'My collection for LFW is all about Indianness.'
Fashion designer Soumodeep Datta quit computer science to pursue his dream.
In less than two weeks, Soumodeep Datta will make his debut as a GenNext designer at the Lakme Fashion Week Summer/Resort 2017.
Quiz him on his excitement levels and he says, "When I heard that our show is on February 1, I thought 'runway' or 'run away'?"
A star student from his batch at the National Institute of Fashion Technology, Ahmedabad, Soumodeep is the first fashion designer in his family.
He was in his first year of computer science engineering, when he got to know about fashion designing. He took the leap of faith and gave it his all.
In an e-mail interview with Rediff.com's Anita Aikara, he speaks of his journey and Connecting Link, his collection which celebrates traditional Bengali drapes.
Soumodeep has been a semifinalist at Wills Lifestyle Debut 2013 and a winner of the National Design Competition 2013.
Presenting Soumodeep Datta, the first designer in the GenNext Class of 2017, where we introduce you to five emerging designers, who will showcase their collection at LFW 2017.
Age: 28 years.
Design school: NIFT, New Delhi.
You are going to debut at LFW. How are you dealing with it? Excited?
It's crazy out here...running to remote villages to sit with my weavers, planning the show looks and final garments and all the other preparations required!
Participating in such a huge platform for the first time involves equal amounts of excitement and panic.
What was your childhood like? Did you always want to become a fashion designer?
I come from a middle-class Bengali family. I was born in Dhanbad and later we shifted to Kolkata.
My father is an Eastern Railway employee and my mother is a typical homemaker, who has always instilled culture and tradition in our upbringing.
My sister is older to me.
In my family, I'm the first fashion designer. This gives enough curiosity among relatives as well.
My childhood drawing classes formed the base of me being a designer today.
My love for drawing inspired me to sit for the NIFT entrance, which is an all-India entrance exam.
I was in my first year of computer science engineering, when I got to know about NIFT.
When my mind was bound by physics, chemistry and mathematics, the curiosity about the curriculum of fashion design made me overcome stereotypes.
In my first attempt, I got AIR (All India Rank) 25 in NIFT. That was the support of fate.
My dad could not see a future in this field, so he saw no reason of leaving engineering for fashion design. But my mother and sister supported me to listen to my heart.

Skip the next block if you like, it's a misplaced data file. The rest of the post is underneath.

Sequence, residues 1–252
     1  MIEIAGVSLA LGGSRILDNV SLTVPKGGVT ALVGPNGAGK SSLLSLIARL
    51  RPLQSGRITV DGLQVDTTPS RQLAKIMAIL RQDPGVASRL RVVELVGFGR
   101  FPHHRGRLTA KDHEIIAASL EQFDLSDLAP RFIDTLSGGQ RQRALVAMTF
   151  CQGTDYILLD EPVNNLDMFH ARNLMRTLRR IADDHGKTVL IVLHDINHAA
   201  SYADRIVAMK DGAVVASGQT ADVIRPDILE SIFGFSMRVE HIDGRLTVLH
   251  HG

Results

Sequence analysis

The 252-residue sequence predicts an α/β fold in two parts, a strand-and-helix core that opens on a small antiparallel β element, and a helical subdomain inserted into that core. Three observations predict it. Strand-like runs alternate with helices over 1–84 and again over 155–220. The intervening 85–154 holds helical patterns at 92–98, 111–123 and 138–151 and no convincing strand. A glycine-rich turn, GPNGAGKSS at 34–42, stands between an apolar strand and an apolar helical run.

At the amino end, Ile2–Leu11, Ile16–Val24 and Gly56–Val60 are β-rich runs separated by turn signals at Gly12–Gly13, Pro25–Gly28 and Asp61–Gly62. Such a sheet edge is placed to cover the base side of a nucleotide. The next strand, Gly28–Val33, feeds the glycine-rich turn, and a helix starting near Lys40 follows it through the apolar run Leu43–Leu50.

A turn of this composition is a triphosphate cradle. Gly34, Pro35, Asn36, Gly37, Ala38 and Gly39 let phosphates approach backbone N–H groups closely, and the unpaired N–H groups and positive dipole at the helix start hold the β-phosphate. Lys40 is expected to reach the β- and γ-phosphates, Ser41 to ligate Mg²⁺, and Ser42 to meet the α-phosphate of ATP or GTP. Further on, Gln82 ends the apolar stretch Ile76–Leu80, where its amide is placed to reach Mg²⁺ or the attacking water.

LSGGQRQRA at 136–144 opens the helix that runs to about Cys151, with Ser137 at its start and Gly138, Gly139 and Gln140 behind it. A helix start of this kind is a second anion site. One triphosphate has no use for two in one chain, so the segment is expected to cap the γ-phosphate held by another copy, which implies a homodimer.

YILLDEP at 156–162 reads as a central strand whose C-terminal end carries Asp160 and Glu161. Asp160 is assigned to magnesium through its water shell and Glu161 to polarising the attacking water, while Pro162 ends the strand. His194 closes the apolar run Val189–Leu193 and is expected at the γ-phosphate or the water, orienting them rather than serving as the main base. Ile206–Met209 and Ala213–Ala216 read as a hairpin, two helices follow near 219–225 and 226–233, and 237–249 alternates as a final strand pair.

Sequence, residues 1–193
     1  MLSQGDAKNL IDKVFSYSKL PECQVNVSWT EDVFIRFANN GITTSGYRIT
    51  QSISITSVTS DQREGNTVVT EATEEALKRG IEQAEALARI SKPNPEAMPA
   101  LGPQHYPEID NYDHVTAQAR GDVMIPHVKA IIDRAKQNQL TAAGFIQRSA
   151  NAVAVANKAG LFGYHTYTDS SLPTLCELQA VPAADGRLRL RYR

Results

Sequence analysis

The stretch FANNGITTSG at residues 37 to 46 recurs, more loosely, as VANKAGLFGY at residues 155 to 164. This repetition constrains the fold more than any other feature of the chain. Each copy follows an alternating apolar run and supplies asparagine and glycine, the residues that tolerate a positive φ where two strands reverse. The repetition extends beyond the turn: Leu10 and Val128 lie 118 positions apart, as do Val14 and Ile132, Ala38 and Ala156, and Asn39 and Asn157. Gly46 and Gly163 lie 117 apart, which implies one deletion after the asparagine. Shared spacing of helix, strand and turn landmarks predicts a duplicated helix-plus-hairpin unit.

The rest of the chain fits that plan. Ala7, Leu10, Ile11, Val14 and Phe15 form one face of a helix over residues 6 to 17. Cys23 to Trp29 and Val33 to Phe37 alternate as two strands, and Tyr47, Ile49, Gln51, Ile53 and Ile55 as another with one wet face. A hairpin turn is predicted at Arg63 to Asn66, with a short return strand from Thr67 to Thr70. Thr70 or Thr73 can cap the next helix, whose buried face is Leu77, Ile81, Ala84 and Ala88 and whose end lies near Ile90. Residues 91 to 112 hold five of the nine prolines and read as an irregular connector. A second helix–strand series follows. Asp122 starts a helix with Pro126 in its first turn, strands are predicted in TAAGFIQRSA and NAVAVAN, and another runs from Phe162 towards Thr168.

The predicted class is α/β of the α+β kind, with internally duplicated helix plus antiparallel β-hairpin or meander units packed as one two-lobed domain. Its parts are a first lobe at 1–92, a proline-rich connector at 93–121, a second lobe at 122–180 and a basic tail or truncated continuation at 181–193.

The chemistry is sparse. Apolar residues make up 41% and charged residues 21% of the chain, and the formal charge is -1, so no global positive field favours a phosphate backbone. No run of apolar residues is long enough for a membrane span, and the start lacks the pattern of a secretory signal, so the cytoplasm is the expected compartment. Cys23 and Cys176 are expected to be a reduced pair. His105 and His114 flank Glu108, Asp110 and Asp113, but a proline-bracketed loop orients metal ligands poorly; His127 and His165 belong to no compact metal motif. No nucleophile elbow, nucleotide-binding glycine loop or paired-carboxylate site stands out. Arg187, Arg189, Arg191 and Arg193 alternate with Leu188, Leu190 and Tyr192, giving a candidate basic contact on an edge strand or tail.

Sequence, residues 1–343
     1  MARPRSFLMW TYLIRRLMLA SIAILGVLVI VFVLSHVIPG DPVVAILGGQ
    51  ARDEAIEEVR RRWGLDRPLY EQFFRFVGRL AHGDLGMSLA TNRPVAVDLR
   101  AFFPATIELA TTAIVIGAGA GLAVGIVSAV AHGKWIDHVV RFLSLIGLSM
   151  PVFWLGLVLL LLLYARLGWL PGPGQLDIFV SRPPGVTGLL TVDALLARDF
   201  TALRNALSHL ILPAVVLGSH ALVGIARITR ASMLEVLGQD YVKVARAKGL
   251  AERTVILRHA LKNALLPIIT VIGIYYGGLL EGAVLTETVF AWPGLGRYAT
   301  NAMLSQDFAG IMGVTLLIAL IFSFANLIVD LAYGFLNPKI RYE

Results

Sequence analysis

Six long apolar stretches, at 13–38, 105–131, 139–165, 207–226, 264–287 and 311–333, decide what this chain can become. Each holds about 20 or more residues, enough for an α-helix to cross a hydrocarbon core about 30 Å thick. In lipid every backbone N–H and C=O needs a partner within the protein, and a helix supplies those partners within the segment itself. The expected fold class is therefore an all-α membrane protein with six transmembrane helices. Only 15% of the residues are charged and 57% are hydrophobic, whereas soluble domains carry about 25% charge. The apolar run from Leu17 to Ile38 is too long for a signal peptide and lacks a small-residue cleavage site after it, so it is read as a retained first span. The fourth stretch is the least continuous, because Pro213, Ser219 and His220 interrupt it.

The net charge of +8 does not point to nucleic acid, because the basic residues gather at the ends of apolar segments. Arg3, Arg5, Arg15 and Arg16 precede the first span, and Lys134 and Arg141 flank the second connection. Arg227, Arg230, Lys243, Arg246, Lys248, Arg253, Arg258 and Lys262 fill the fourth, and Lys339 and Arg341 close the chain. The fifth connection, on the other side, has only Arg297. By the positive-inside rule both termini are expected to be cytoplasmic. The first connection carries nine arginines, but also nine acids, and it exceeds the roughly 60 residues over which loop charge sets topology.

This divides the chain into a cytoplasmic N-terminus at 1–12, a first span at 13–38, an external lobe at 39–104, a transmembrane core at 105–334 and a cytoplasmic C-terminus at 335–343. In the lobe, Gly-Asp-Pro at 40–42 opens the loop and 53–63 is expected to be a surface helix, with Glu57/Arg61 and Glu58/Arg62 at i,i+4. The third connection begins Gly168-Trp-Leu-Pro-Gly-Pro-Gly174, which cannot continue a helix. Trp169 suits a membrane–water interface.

Today, I can say that you must follow your heart even if things are uncertain.
What was your first assignment? How much did you earn?
My first earning was from a fashion week.
I had to assist designer Rahul Mishra at his stall in 2010. Working with his team was a happy feeling. I earned Rs 2,500.
Is it true that you were the star student of your NIFT batch?
Yes! My graduation collection in NIFT was selected as the 'Best use of Viscose' and I won a cash prize of Rs 50,000 from AMFII (an association of manufacturers producing viscose filament yarn and viscose staple fibre in India).
The same month, I was the winner of the National Design Competition 2013 held by Gokaldas Exports, Bengaluru.
I received a cash prize of Rs 100,000 along with a winner's trophy from Gokaldas Exports.
Was it easy cracking the LFW GenNext designer auditions?
It was not easy to get through the selection.
It required a lot of pre-planning and hardwork along with an unflinching dedication and love for fashion.
This was the second time I applied for the auditions.
The first time taught me lessons which helped me this time.
As they say, failure is the pillar of success!
Tell us about your collection at Lakme Fashion Week.
My collection for LFW is all about Indianness.
It's about an Indian women with a modern lifestyle, without imitating the West.
She has an inclination towards art and culture. So we can say it's about Modern India.
The garments are inspired by the sari -- the Bengali style of draping a sari is a constant inspiration (for me).
Like a sari, which is a single piece of fabric, most of my designs are also made of a single piece of fabric.
It is all about draping the piece of fabric; the stitched garments have the essence of a sari.
The garments have a sense of continuity -- the front becomes the back or the back comes in front like an infinite loop.
I have used age-old Bengal muslin, which has been woven in remote and unexplored villages in Bengal.
The collection is called The Connecting Link.
It is inspired from the opposites of nature like good and bad, day and night, man and woman, black and white.
I feel when these opposites meet, God is evoked.
Like dawn and dusk is believed to be the time of God.
Similarly I feel God is neither black nor white. He is grey!
There's a lot of Bengali culture, tradition and influences to look out for in the collection.
What are the summer trends to look forward to?
Fashion has turned towards minimalism, comfort, utility and adaptability.
People prefer simple, comfortable clothes than gaudy, uncomfortable ones.
Neutrals like black, white and grey are in for summers.
Asymmetrical is a huge trend coming up, where you'll get to see the stereotypes in garments being broken -- subtle asymmetry in pattern and drapes are going to come along.
Multi-functional garments and interesting sleeves are in.